Home for the Holidays

Home for the Holidays
by Bob Freeman

Let this tale begin on a full moon’s eve, when the last kiss of daylight withers and dies and fresh blood stains the new fallen snow a muted crimson. From within the recesses of the growing dark, feral eyes glare through its frosty breath with a seemingly erotic longing. The din of Yuletide carols mingle with the beast’s labored breathing as it chokes back the stabbing pain of misadventure.

“Merry Christmas, Nick,” a slender voice called out. A young girl by the smell, but she was hidden by the landscaping in front of Sinclair House. An older boy, late teens perhaps, gave a wave toward the house as he strutted along the cracked and uneven sidewalk that passed in front of the object of the beast’s attention.

Sinclair House sat quietly, shadowed by thick pines and untamed brush. Creeping vines had ensnared the wrought-iron fence that surrounded the property long ago further hindering a full view of the dark house that resided behind its barrier. The Second Empire architecture was out of place in the small rural town and whispered voices spoke often of the profane statue that stood in the property’s back lawn. It had once been visible to passersby, when the Sinclairs took pains to maintain the appearance of the estate, but that had ended twelve Christmas’ before with the death of Lilith Sinclair-Miller’s husband and the disappearance of her eldest son.

The beast waited for the boy to pass then sprang from its hiding place and bound across the road, springing into the air and clearing the eight foot fence with ease. The deep gash in the creature’s side tore slightly and the pristine snow of the Sinclair House back lawn received the beast’s hot, steaming blood as a libation. From the cover of the overgrown landscaping, the feral beast crouched and peered into the house whose faded glory rose like a blight against nature.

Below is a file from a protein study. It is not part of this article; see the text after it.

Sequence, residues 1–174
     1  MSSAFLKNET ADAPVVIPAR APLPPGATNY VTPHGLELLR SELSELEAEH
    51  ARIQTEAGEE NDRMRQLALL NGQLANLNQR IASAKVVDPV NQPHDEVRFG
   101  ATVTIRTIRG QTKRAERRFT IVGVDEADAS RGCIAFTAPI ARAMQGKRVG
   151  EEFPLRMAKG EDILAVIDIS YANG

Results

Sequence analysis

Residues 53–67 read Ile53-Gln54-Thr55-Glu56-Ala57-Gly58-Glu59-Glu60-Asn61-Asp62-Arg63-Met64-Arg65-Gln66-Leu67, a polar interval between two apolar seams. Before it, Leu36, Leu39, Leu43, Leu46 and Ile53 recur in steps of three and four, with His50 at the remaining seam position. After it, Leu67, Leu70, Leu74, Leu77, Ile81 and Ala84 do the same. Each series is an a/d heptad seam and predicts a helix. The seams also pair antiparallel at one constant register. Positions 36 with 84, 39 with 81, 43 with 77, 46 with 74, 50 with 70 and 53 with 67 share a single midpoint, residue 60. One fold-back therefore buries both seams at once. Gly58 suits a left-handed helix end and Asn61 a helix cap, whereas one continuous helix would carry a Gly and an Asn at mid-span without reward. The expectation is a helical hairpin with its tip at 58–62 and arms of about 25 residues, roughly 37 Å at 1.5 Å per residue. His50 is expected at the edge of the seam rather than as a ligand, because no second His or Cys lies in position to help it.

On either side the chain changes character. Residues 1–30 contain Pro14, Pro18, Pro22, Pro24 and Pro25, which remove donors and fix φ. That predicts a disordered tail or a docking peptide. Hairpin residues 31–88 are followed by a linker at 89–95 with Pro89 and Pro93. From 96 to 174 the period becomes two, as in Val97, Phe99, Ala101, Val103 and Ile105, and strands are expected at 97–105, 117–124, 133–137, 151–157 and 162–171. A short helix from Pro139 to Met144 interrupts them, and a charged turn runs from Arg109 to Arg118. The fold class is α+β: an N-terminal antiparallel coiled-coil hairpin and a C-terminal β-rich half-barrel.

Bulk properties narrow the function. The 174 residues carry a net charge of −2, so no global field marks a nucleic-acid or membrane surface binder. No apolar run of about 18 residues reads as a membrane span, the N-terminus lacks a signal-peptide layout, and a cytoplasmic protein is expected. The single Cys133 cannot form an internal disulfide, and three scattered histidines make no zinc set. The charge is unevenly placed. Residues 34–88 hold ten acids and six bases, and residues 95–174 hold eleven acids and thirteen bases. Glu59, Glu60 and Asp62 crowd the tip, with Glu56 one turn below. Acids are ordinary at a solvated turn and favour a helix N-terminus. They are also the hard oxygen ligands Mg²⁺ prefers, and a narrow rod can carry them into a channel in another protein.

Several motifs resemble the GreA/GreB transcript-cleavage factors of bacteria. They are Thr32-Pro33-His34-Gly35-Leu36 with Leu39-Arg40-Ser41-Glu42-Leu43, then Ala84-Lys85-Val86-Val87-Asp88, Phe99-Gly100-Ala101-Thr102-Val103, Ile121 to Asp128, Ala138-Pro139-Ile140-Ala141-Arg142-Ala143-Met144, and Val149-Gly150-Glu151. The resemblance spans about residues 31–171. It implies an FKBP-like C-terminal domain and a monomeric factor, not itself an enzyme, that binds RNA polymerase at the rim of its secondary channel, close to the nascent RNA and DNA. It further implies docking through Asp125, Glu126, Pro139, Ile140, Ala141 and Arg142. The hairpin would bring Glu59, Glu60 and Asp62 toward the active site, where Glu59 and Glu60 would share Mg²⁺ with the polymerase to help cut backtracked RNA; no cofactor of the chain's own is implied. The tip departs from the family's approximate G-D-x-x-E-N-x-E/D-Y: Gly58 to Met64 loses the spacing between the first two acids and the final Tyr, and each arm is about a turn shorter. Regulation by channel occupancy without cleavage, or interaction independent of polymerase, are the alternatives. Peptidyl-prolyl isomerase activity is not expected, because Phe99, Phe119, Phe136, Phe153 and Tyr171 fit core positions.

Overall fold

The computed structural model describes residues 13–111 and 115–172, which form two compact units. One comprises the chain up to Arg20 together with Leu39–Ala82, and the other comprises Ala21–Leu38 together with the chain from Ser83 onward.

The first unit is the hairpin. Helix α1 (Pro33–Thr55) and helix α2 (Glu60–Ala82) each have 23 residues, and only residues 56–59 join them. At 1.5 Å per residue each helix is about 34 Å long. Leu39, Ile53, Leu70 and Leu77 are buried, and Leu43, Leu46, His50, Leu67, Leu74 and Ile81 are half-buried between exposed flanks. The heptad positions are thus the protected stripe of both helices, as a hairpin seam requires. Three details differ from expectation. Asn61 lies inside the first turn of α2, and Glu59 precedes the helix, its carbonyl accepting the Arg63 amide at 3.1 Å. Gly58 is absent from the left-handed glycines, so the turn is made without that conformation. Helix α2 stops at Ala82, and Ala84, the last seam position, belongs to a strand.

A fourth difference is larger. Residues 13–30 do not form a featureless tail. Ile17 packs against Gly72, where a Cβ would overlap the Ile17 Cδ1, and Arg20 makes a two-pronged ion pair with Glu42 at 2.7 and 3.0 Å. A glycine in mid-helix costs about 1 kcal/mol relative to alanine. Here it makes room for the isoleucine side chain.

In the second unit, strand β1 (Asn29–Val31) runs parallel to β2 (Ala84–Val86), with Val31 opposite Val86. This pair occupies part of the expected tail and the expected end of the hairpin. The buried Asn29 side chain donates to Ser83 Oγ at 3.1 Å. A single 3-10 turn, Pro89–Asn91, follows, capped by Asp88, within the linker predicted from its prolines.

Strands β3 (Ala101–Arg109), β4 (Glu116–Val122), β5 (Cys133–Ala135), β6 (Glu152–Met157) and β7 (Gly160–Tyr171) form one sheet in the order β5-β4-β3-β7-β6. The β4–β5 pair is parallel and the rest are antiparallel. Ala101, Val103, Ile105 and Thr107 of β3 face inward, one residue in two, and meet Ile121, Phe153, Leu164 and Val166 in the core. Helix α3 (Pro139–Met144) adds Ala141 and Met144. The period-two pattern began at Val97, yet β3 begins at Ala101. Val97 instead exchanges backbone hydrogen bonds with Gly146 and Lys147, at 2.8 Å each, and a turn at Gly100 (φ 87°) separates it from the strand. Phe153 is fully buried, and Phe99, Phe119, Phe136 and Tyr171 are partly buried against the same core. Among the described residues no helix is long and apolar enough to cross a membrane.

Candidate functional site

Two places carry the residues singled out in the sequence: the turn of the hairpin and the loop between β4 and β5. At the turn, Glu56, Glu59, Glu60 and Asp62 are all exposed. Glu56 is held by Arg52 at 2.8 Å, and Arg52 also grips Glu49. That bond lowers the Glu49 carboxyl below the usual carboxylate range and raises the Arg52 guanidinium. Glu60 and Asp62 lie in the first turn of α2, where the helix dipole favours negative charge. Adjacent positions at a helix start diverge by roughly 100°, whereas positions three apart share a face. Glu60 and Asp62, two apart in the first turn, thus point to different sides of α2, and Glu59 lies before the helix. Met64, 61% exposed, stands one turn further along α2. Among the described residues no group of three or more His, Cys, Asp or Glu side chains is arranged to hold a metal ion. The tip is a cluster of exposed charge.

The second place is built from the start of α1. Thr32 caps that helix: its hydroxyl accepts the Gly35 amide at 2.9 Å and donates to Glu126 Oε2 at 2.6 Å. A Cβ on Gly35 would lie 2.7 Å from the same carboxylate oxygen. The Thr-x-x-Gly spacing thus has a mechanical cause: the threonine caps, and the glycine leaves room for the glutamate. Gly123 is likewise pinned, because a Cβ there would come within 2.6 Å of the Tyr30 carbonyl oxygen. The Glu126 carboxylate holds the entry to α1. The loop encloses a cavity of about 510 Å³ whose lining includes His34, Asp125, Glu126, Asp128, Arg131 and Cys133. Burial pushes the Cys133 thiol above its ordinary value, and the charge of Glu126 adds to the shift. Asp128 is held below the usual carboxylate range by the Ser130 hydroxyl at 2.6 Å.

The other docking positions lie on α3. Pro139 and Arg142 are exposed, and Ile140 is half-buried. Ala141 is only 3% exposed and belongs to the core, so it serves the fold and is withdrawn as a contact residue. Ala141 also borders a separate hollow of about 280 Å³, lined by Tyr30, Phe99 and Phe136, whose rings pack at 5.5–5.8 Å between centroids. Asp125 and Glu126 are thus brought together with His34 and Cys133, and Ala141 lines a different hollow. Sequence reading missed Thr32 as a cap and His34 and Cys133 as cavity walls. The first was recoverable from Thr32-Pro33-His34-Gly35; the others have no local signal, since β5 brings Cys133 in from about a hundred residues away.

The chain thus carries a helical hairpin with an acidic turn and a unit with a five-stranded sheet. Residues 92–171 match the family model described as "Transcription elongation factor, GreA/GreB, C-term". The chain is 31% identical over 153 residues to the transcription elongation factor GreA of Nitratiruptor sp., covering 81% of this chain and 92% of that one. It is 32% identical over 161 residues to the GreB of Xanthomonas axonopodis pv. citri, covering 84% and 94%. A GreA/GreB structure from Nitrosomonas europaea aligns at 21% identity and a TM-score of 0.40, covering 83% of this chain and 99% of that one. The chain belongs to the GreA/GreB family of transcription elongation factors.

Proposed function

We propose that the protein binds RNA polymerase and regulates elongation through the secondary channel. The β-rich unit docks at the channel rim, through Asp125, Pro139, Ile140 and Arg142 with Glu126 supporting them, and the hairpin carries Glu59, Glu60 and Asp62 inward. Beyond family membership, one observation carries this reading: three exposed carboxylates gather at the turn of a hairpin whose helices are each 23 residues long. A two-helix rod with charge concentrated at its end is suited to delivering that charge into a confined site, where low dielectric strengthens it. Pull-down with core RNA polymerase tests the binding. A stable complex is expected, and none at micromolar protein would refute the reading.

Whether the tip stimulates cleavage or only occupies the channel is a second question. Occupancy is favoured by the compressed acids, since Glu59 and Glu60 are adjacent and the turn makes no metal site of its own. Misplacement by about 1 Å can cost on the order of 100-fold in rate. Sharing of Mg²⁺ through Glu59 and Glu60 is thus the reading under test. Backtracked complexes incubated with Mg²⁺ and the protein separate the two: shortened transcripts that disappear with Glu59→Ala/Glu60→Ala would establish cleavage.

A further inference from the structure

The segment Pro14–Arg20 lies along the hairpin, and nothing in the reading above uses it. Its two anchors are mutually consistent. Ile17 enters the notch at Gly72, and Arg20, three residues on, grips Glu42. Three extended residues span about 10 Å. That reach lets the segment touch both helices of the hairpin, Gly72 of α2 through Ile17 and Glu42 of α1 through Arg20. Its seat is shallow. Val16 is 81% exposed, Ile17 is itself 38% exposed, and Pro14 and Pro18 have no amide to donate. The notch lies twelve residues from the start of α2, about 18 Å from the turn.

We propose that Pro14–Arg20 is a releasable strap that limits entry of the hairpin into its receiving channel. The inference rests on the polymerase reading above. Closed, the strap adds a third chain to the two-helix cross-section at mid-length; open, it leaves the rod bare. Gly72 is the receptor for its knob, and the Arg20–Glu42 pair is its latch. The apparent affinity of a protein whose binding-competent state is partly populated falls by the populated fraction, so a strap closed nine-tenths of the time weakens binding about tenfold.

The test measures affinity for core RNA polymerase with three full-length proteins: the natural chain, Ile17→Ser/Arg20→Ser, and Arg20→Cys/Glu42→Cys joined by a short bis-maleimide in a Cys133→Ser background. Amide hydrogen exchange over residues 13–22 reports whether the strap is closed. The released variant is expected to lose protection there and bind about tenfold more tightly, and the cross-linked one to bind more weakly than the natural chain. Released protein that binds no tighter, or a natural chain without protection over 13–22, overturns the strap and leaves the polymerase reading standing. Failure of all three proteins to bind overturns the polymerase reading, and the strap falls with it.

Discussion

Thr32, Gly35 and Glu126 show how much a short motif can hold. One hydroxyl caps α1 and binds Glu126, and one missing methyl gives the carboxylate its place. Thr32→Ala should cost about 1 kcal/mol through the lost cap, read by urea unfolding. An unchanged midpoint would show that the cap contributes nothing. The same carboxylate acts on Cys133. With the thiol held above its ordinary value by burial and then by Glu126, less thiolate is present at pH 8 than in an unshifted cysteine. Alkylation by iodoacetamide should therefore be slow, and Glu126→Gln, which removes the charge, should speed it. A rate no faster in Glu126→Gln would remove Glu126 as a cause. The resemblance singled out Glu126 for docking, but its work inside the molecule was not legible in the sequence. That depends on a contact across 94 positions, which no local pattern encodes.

The window before the beast offered a view of the Sinclair House great room and its Christmas décor. Wreaths and tinsel graced the narrow stair and the furniture was pulled back and away from the towering pine that took center stage. Twelve feet tall, the Christmas tree stood bold, seemingly rising from a mound of packages wrapped in bright colors, and bedecked in garland and garish ornaments from the four corners of the globe. Strings of cranberries and popcorn crisscrossed the emerald giant whilst an angel hovered overhead, its wings spread wide above a crystalline star.

A salt and pepper haired woman, led by a preteen child, maneuvered through the room with a grace that belied her transparent blindness. They stopped before the front door and the young girl released the older woman’s hand to open it. Filling the doorway was a towering man dressed in forest camouflage. His face was weathered, his eyes cold and distant. The beast’s hackles stood on end at the site of the towering huntsman. Straining his preternatural hearing, the beast listened intently as the figures inside conversed.

“Good evening, Margaret. I’d like to speak with your mother, if you wouldn’t mind,” he said, his voice hoarse and graveled from years of smoking. His crooked mouth flashed a smile full of yellowed and broken teeth.